Sophia Contemporary is pleased to announce Wear the Heat, the first solo exhibition of Swedish artist Veronica Brovall in the UK. The exhibition will feature seven new glazed ceramic and steel sculptures created in 2018. Wear the Heat will open to the public with a reception from 6-8PM on Tuesday, June 26, and will remain on view through July 28, 2018. The exhibition will be accompanied by a fully illustrated catalogue with a foreword written by Natasha Morris.
Brovall's artistic practice explores themes of femininity, gender dynamics, sexuality, and violence through the medium of ceramics. The artist questions the role of ceramics as a material traditionally regarded throughout the history of art as feminine, refined, fragile, and belonging to the field of crafts or to the private realm of the household. In the hands of the artist, ceramic sculpture becomes powerful, playful, and raw while negating any association with traditional conventions of femininity and craft.
The artist's complex abstract sculptures evoke the body, in particular male and female anatomy, while often merely alluding to it. Elements resembling elongated arms, fingers, and body parts protrude from their bases as if the sculptures were constantly and violently expanding, trying to break their mould and give birth to more material. The sculptures are punctured with holes; tongues stick out of their surfaces; daggers pierce their forms in a sort of macabre yet transcending and cathartic dance. Scribbles and notes sometimes cover their skin, like tattoos on human flesh or graffiti on walls. Paint drips from the sculptures, splattered across their delicate surfaces, invoking violent feelings and primal human urges.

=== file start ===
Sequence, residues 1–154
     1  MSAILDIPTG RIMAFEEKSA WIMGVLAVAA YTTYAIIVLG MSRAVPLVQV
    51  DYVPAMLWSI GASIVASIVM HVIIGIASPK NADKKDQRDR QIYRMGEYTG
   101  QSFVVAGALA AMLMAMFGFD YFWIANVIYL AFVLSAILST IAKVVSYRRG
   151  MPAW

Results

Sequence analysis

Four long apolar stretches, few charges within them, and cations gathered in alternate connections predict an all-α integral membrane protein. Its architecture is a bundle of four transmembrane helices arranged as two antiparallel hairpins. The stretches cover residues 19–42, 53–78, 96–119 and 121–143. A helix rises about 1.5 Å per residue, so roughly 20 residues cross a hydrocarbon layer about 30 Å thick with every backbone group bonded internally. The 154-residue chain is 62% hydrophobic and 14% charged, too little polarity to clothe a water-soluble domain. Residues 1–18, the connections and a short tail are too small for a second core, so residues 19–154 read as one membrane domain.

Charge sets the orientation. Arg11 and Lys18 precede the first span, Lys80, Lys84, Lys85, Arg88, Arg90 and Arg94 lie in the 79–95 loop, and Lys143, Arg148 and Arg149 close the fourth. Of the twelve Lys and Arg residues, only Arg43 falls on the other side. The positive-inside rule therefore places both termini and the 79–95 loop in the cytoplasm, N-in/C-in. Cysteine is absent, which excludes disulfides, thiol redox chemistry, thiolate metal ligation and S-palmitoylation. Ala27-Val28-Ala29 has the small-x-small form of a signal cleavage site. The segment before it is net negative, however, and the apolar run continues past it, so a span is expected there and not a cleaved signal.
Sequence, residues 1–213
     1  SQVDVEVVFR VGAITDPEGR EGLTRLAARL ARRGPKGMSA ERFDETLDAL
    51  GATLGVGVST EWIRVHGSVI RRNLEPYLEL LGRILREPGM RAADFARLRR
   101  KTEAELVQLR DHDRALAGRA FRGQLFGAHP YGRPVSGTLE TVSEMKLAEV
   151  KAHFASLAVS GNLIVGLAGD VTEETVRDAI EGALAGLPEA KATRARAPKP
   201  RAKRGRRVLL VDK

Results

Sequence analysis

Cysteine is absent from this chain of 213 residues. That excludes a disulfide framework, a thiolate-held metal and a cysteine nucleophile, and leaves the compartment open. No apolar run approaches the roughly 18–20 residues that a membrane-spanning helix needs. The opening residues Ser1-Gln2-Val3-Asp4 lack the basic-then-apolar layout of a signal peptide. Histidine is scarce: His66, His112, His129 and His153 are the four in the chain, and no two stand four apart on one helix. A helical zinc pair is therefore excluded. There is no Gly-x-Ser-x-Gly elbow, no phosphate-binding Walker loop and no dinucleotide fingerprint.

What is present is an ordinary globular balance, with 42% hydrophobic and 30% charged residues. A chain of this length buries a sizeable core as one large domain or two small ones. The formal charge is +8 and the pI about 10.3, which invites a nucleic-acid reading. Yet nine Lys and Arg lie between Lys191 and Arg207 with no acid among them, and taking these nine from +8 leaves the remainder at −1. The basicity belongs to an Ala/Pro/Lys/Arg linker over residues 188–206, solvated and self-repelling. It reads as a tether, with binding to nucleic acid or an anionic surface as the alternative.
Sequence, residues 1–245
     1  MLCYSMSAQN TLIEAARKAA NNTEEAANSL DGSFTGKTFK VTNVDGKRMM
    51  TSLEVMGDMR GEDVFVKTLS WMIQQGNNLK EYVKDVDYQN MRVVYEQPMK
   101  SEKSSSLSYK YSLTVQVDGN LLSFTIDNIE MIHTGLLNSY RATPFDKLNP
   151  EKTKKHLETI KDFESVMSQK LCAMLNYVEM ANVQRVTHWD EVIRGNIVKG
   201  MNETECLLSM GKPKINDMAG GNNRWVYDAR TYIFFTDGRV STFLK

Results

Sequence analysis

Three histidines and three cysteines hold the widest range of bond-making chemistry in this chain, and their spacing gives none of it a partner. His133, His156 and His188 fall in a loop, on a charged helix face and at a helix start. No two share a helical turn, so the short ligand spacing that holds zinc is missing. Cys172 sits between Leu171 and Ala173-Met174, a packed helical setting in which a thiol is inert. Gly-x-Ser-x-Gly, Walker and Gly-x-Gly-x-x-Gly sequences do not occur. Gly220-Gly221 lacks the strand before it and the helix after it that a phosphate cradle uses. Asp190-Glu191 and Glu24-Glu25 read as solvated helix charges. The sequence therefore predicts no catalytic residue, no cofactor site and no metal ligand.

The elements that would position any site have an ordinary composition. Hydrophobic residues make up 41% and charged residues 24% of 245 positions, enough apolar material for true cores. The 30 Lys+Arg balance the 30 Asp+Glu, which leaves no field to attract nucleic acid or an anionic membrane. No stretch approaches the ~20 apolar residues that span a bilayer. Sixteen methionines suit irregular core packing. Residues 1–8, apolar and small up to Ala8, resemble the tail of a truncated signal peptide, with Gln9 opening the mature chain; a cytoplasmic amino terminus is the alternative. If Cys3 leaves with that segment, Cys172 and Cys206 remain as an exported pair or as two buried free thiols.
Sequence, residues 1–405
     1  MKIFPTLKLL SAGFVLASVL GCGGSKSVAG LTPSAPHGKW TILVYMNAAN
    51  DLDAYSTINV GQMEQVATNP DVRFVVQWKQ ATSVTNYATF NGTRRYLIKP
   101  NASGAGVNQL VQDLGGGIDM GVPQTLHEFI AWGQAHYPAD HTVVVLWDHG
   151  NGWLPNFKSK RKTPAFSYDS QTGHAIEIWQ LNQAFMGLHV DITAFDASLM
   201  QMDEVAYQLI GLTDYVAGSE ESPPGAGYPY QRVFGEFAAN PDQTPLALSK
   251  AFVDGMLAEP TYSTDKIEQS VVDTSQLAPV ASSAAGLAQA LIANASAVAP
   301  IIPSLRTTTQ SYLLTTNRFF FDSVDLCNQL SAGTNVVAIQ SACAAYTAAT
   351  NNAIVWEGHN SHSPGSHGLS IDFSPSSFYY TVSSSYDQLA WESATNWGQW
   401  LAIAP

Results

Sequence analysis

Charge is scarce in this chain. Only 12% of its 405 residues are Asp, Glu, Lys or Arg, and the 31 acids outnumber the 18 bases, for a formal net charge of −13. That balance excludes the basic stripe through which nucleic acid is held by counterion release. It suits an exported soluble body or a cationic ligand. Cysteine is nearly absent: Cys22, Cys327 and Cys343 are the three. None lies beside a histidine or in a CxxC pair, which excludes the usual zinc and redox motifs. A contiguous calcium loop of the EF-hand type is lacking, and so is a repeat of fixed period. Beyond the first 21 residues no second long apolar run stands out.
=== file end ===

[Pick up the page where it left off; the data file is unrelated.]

Throughout her artistic practice, Brovall turns ceramics into raw and physical anthropomorphic artworks that straddle the fine line between contested notions of femininity and masculinity, life and death, fragility and strength, violence and beauty, and materiality and allegory. By calling into question the conventions permeating history and creating artworks defying easy interpretation, the artist challenges the boundaries of her medium while giving shape to original objects possessing their own internal logic and narrative, both metaphorical and poetic. Her radical approach to ceramics places Brovall at the forefront of a new generation of female sculptors questioning conventional notions of womanhood while striving to reinvent and reshape the century-old medium of ceramics in a contemporary context.
The new series of works exhibited at Sophia Contemporary continues with the artist's exploration of the human form. While her new ceramic and steel sculptures explore the abstract qualities of the body, they also allude to objects from everyday life through the particular process used by the artist. Brovall collects an array of everyday objects such as buckets, containers, pieces of woods, dumbbells, and ties to create shapes that are then used as moulds for her ceramic sculptures. The resulting artworks transform the objects into complex anthropomorphic sculptures, neither male nor female, whose visceral forms operate in constant tension with their delicate glazed surfaces, creating ambiguous artworks defying categorisation. Wear the Heat refers to the artist's material process of heating ceramic and steel in the kiln to create her sculptures. However, the title also operates on a symbolic level. For the artist, it represents an injunction, a call to action: to face the fact, be in the spotlight, to 'wear the heat'. It also alludes to the anthropomorphic element of the artist's work: the underlying sexuality conveyed by her sculptures, the 'heat' of the body and sweat of the flesh captured by the artist for a fleeting moment in the kiln before they turn cold to the touch in their final iteration.